Mobile Apps for Writers 2019

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These days many writers rely on their mobile devices, their phones and tablets, rather than (or in addition to) more analogue stationary. Anything to get ideas down on the move with a minimum of effort and inconvenience. So I’ve gathered a list of mobile apps that I find useful to this end. I’ll apologise for the slight iOS bias in these, it’s not that I think one platform is necessarily superior to any other, but it just happens to be the one that works for me. Some these aren’t free, and there are cheaper alternatives for most, but again they’re the ones that work for me.

Dropbox

(Cost from £0. Available for IOS/Android/Windows Phone/Windows/Mac/Web)

Dropbox is really just your basic minimum, it’s a syncing, backup and file storage solution. Install it on your computer(s) and it’ll keep the folder synchronised across everything and make the files available to your on all your mobile devices. You can also share people links to files or entire folders, rather than sending documents backwards and forwards. Importantly, some apps listed below also allow direct access to Dropbox, meaning you’re not linked into any device specific ecosystems for file access and sharing. While the basic Dropbox package is free for 2Gb of storage, you can get 1Tb of storage for £7.99 per month.

Scrivener

(Cost: £20. Available for iOS. Windows and Mac versions at extra cost)

The desktop app for Scrivener is quite a beast, but to my mind there’s none better for planning your prose. It does have a basic screenwriting mode as well, if your outline takes you down that path.

The mobile app is pretty good, syncing via Dropbox, for outlining and writing on the go. All my prose projects start out in Scrivener.

Bear

(Cost free of £13.99 per year. Available for Mac/iOS only)

It’s a shame that Bear is iOS/OSX only, as it work wonderfully as a note-taking and note organisation app. For me it is in the process of replacing both Drafts (an iOS note taking app) and Evernote (a cross-platform note organisation app).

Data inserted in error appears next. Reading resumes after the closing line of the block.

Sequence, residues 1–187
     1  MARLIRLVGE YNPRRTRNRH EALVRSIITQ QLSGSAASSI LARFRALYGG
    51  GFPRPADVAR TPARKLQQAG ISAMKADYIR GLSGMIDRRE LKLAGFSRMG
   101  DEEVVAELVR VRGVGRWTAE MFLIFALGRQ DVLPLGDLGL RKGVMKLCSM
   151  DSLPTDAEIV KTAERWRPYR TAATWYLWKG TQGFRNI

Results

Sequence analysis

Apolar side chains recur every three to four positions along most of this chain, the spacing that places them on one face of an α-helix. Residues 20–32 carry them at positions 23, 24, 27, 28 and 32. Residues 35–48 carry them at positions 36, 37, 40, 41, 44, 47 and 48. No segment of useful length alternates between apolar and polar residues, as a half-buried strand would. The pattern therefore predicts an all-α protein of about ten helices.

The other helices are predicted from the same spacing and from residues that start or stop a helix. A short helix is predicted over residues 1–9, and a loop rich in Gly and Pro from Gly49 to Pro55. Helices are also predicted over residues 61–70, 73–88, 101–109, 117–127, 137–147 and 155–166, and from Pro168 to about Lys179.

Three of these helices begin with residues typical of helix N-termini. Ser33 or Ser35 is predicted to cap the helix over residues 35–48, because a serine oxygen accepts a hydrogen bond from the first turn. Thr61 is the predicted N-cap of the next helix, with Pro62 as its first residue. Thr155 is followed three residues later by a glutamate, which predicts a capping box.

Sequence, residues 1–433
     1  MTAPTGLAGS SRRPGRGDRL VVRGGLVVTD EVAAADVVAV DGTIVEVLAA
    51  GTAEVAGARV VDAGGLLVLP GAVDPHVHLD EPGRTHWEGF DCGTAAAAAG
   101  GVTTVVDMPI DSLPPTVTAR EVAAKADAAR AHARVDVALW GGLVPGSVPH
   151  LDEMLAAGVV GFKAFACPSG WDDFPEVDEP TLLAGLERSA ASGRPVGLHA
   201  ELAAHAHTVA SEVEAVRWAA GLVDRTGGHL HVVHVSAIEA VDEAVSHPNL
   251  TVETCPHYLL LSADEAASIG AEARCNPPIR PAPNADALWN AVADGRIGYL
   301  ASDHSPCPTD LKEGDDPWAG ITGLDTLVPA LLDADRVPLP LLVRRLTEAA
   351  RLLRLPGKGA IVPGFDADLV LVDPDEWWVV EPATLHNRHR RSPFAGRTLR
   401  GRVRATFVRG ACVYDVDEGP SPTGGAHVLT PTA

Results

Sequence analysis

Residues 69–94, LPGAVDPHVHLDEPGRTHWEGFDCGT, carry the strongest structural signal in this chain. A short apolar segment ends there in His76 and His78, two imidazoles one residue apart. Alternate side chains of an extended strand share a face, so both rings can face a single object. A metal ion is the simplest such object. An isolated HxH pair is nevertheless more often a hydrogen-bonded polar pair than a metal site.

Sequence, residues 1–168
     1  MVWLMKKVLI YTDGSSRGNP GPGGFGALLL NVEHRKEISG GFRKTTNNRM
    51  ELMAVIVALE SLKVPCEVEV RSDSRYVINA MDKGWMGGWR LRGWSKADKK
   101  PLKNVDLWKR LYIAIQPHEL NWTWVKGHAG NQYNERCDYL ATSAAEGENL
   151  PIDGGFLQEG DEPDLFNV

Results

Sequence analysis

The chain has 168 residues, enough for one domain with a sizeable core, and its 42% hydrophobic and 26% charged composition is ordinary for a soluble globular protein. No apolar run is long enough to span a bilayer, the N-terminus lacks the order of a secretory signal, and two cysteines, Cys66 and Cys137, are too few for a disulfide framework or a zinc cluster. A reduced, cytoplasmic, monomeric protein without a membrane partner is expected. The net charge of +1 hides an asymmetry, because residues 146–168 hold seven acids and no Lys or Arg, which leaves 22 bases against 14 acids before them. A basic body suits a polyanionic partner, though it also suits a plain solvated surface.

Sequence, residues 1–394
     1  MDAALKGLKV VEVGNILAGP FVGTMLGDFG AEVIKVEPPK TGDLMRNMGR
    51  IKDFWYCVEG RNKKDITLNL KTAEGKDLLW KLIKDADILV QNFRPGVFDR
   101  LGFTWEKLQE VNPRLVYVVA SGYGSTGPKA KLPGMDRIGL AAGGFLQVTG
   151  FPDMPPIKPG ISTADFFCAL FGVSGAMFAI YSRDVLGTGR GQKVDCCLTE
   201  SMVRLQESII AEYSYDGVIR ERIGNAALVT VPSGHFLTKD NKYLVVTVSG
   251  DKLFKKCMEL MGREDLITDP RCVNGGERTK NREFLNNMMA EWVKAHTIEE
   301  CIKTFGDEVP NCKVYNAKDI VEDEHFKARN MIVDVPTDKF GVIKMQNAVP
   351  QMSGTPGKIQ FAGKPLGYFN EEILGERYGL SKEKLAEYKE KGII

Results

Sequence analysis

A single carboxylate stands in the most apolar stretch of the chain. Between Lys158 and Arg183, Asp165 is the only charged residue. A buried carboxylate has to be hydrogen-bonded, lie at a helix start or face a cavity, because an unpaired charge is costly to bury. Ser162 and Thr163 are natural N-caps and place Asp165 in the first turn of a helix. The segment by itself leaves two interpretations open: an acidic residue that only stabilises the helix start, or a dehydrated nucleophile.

Bear is a beautiful, simple and friction-free writing tool, with an excellent note organisation system. The lack of full cross-platform access is hampering full adoption as I’m forced to use a Windows laptop for part of my work, but apparently there’s a Bear web app coming soon.

Microsoft Word

(Cost £0. Available for IOS/Android/Windows/Mac/Web)

As opposed to Drafts, Microsoft Word is a fully fledged word processor, and the mobile implementation, especially for tablets, is pretty good. It can even open documents from Dropbox and save them back there. Much as some would like to leave the hegemony of MS word, people are still going to use it and so we need to be able to open and edit the documents.

However, to take advantage of MS Office across all platforms, the best bet is a £79.99 annual subscription to Office 365. Subscription model SaaS is sadly here to stay.

Fade In Mobile

(Cost £3.99. Available for IOS/Android)

I’m a big fan of Fade In screenwriting software, and the mobile implementation is pretty good as well. And it too can open from, and sync with, Dropbox.

Merriam-Webster Dictionary & Thesaurus

(Cost £0. Available for IOS/Android/Web)

The M-W dictionary and thesaurus app is excellent. There are cheaper versions out there, and even British English specialised dictionaries, but I find that M-W blows them away, and also differentiates between British and American usages.

Annual subscription to remove the fairly unobtrusive ads is £1.79.

Todoist

todoist logo

(Cost from £0. Available for IOS/Android/Windows Phone/Windows/Mac/Web)

While not a writing app, I use Todoist constantly. Not just for shopping lists and other domestic and personal tasks, but I create projects for everything I’m working on. I use an adapted GTD method and document all next steps on my creative projects, so I can stay on top of them all.

You’ll likely find it worthwhile to pay for a Premium subscription at £3 per month, which allows tagging, filtering and attachments.

WordPress

(Cost £0. Available for IOS/Android/Web)

Almost everyone has a WordPress blog, and if you’re amongst them, you’ll want the mobile app. WordPress editing has come a long way, and it’s new Gutenberg block editor is a delight to use. Especially if you’re writing for multiple blogs, it’s great for editing and drafting on the go.

Do you have any others you can’t live without? Any replacements for any of the above, or comments on the ones I’ve chosen? Let me know!

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